Respond in one or more of the following ways:Ask a probing question.Share an insight from having read your colleague’s posting.Offer and support an opinion.Validate an idea with your own experience.Make a suggestion.Expand on your colleague’s posting.Article A:  Feiock, R. C., Steinacker, A., & Park, H. J. (2009). Institutional collective action and economic development joint ventures. Public Administration Review (69)2, 256–270.Literature Review in Quantitative ResearchCreswell (2009) suggested that the literature review accomplishes several purposes within a research study (p. 25).  Cooper and Marshall and Rossman (as cited in Creswell, 2009) identified that a literature review conveys the results of closely related previous studies; and it relates the current study to the broader dialogue to help bridge gaps in the literature (p. 25).  Creswell (2009) also pointed out that studies typically include a section called “Related Literature” or “Literature Review” to convey the review of previous studies (p. 26). Dr. Patton (Laureate Education, Inc., 2009) argued that the purpose of a literature review is to understand intellectual heritage and genealogy to build on the knowledge of some and part from the knowledge of others.In last week’s discussion, it was determined that Feiock, Steinacker, and Park (2009) utilized a quantitative approach for their study using Creswell’s (2009) criteria for quantitative approach (pp. 55-61). Creswell further identified that a literature review in quantitative research is typically found following the introduction in a section called “Literature Review” (p. 26).  It may be used to lead into the research questions and hypotheses; to introduce a theory and/or describe a theory; or provide an explanation for expected relationships (Creswell, 2009, p. 26). Feiock et al. (2009) did not include a formal “literature review” section but instead used literature throughout an extensive introduction leading up to the “Research Design and Analysis” section. The deductively designed study immediately introduced the research topic by addressing the gap in the literature and then identified several scholars who have addressed it previously.  The discussion of the limited literature led to the identification of the problem followed by the research question and hypotheses.  Feiock et al. further referenced other scholars in defining their variables, which ultimately led to the research analysis.Creswell (2009) also identified that the scholars often revisit the literature review at the end of the study to provide a comparison between the results of the study at hand with those in the literature (p. 26-27). Feiock et al. (2009) addressed literature for each of the variables tested and compared the findings.   With exception of not including a formal section, Feiock et al. did follow Creswell’s (2009) criteria for quantitative research.ReferencesCreswell, J. (2009). Research design: Qualitative, quantitative, and mixed methods approaches (Laureate Education, Inc., custom ed.). Thousand Oaks, CA: Sage Publications.Feiock, R. C., Steinacker, A., & Park, H. J. (2009). Institutional collective action and economic development joint ventures. Public Administration Review (69)2, 256–270.Laureate Education, Inc. (Executive Producer). (2009). Literature reviews. Baltimore, MD: Author.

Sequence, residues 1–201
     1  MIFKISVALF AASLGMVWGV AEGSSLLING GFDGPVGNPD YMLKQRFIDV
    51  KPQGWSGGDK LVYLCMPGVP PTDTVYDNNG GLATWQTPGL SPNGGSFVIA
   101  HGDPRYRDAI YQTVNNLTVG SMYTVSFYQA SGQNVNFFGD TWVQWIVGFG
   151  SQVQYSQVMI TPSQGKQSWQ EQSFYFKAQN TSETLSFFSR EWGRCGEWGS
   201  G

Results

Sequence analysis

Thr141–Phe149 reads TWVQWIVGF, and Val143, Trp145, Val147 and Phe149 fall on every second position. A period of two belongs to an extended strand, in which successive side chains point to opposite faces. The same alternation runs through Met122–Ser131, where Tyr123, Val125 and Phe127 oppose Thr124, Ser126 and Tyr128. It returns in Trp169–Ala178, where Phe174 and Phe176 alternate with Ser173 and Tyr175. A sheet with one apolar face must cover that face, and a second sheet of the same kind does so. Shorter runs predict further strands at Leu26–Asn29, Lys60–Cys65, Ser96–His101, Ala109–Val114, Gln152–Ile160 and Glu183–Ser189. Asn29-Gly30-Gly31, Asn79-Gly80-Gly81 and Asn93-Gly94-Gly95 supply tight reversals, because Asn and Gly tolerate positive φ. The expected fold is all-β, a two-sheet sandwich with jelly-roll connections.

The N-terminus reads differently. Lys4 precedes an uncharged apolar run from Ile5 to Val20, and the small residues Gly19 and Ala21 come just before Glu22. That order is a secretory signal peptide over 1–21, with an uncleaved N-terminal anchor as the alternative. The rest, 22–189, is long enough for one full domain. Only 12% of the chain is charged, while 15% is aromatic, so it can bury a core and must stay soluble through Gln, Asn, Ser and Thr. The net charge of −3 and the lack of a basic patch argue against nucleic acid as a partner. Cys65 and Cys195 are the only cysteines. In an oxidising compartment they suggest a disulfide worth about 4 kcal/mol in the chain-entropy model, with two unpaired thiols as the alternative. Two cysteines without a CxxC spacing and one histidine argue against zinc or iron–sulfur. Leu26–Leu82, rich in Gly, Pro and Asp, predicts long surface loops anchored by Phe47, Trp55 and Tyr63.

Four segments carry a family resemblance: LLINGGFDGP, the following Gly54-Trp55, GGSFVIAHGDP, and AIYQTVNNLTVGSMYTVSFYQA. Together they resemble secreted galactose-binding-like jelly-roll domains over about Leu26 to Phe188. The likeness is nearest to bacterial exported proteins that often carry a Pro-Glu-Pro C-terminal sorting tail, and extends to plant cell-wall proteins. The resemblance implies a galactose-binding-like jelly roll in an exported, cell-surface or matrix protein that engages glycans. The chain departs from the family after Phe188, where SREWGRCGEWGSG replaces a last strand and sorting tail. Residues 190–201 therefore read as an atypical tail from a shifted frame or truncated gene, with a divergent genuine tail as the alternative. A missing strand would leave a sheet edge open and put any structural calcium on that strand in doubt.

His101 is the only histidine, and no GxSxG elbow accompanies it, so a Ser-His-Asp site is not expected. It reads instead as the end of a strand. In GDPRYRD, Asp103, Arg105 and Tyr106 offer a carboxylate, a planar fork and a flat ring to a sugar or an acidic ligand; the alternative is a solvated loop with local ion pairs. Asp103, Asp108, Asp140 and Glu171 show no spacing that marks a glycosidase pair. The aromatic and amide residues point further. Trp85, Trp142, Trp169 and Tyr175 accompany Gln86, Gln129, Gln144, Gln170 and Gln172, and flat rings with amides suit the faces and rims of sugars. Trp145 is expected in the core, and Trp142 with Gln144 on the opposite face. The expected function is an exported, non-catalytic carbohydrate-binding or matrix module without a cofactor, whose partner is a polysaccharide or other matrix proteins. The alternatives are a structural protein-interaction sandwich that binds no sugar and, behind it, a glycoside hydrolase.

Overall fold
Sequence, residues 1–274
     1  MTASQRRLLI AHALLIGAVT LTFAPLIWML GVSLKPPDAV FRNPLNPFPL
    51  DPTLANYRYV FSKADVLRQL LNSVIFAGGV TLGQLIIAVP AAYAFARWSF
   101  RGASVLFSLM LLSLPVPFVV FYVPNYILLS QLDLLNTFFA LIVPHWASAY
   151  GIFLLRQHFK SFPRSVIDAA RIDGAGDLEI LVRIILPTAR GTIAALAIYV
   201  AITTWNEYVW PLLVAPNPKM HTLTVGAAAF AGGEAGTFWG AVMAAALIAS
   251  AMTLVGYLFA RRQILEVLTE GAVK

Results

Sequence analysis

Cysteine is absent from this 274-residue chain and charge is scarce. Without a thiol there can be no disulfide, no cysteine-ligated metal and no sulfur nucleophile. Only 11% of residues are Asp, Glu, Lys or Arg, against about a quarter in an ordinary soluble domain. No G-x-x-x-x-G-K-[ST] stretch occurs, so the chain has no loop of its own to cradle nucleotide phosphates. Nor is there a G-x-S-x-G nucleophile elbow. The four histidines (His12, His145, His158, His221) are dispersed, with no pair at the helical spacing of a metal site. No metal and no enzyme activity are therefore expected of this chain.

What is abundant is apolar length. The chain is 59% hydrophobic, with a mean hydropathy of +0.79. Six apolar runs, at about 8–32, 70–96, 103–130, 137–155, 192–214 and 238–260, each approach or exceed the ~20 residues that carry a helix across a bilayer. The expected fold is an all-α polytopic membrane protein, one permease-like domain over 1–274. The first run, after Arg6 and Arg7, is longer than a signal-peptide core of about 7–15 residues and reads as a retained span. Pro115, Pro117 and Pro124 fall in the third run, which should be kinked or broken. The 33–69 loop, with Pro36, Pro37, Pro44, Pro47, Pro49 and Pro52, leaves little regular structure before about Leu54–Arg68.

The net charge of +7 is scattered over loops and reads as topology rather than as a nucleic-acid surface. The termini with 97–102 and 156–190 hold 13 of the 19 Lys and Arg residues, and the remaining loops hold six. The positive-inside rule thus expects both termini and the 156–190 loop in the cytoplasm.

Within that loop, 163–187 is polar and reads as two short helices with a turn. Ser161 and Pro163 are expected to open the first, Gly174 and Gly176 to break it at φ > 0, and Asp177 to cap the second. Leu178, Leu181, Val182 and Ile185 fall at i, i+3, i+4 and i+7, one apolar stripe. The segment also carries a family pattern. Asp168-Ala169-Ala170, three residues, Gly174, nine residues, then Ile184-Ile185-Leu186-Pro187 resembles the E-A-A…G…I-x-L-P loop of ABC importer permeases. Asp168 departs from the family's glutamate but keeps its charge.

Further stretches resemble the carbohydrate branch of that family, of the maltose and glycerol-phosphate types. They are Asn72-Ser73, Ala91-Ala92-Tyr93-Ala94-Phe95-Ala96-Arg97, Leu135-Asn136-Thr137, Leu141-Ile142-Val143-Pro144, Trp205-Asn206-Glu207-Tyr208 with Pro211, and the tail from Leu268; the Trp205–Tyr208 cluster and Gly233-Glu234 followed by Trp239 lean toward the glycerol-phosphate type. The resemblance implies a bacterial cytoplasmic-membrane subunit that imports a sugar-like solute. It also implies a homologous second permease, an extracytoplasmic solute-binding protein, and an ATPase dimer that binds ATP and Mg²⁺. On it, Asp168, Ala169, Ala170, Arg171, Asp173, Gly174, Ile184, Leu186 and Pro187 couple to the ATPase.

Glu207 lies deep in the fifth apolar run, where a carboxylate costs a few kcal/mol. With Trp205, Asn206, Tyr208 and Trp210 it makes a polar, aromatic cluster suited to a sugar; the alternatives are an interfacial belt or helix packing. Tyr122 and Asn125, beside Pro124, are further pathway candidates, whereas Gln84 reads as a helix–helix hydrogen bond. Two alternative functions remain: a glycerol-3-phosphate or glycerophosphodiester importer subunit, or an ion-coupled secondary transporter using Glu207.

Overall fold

Leave a Reply

Your email address will not be published. Required fields are marked *

× How can I help you?